WikiProject icon This article is within the scope of WikiProject Soviet Union, a collaborative effort to improve the coverage of the Union of Soviet Socialist Republics (USSR) on Wikipedia. If you would like to participate, please visit the project page, where you can join the discussion and see a list of open tasks.
C-Class article C  This article has been rated as C-Class on the project's quality scale.
 Mid  This article has been rated as Mid-importance on the project's importance scale.
 
WikiProject Russia (Rated C-class, Low-importance)
WikiProject icon This article is within the scope of WikiProject Russia, a WikiProject dedicated to coverage of Russia on Wikipedia.
To participate: Feel free to edit the article attached to this page, join up at the project page, or contribute to the project discussion.
C-Class article C  This article has been rated as C-Class on the project's quality scale.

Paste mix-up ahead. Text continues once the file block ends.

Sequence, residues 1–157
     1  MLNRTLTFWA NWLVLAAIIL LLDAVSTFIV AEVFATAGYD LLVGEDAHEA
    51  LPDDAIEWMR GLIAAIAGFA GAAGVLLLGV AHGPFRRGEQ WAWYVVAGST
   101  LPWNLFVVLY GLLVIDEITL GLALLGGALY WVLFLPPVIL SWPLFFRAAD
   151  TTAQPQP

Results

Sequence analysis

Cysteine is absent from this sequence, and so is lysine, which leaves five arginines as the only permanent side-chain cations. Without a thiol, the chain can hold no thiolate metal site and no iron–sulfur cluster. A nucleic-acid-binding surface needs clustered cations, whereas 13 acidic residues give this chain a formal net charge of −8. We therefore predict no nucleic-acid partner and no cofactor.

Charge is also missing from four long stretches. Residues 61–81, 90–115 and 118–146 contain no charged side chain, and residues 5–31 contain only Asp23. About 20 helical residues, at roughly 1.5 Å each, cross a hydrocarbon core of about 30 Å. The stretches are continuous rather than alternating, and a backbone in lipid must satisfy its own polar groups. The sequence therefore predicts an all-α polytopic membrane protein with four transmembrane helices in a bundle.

Checklist icon
 Low  This article has been rated as Low-importance on the project's importance scale.
 

China[edit]

China is listed as a state that did not recognize the de jure or de facto Soviet control, but according to this, China was reluctant to even recognize them in 1991 when they gained independence, and here, they did not support pro-independence forces, and that they backed Gorbachev & Moscow on it.--Львівське (говорити) 20:37, 3 February 2013 (UTC)

China is listed in the "De jure non-recognition, recognition of de facto control" section, I don't know why you claim otherwise. You cannot infer that China granted de jure recognition based upon the sources you supplied, they do not say so explicitly so therefore you conclusion is WP:SYNTH. Here are the quotes you requested:
Toomas Hiio (2006). "Legal continuation of the Republic of Estonia and the policies of non-recognition". Estonia 1940-1945: Reports of the Estonian International Commission for Investigation of Crimes Against Humanity.
page 198: